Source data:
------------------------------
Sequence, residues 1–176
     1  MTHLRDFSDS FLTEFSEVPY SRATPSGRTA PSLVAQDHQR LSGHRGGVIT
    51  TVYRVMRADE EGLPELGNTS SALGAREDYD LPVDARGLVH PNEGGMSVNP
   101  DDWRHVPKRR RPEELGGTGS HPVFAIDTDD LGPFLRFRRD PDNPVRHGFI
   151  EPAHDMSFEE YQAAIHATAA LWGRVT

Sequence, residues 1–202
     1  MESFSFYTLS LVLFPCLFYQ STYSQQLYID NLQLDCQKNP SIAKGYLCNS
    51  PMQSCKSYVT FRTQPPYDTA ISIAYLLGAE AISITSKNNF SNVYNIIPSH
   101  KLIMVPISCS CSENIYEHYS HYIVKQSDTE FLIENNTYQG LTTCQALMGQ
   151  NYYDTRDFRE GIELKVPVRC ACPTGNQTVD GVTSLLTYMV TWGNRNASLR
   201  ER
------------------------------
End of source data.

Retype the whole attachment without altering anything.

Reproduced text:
Sequence, residues 1–176
     1  MTHLRDFSDS FLTEFSEVPY SRATPSGRTA PSLVAQDHQR LSGHRGGVIT
    51  TVYRVMRADE EGLPELGNTS SALGAREDYD LPVDARGLVH PNEGGMSVNP
   101  DDWRHVPKRR RPEELGGTGS HPVFAIDTDD LGPFLRFRRD PDNPVRHGFI
   151  EPAHDMSFEE YQAAIHATAA LWGRVT

Sequence, residues 1–202
     1  MESFSFYTLS LVLFPCLFYQ STYSQQLYID NLQLDCQKNP SIAKGYLCNS
    51  PMQSCKSYVT FRTQPPYDTA ISIAYLLGAE AISITSKNNF SNVYNIIPSH
   101  KLIMVPISCS CSENIYEHYS HYIVKQSDTE FLIENNTYQG LTTCQALMGQ
   151  NYYDTRDFRE GIELKVPVRC ACPTGNQTVD GVTSLLTYMV TWGNRNASLR
   201  ER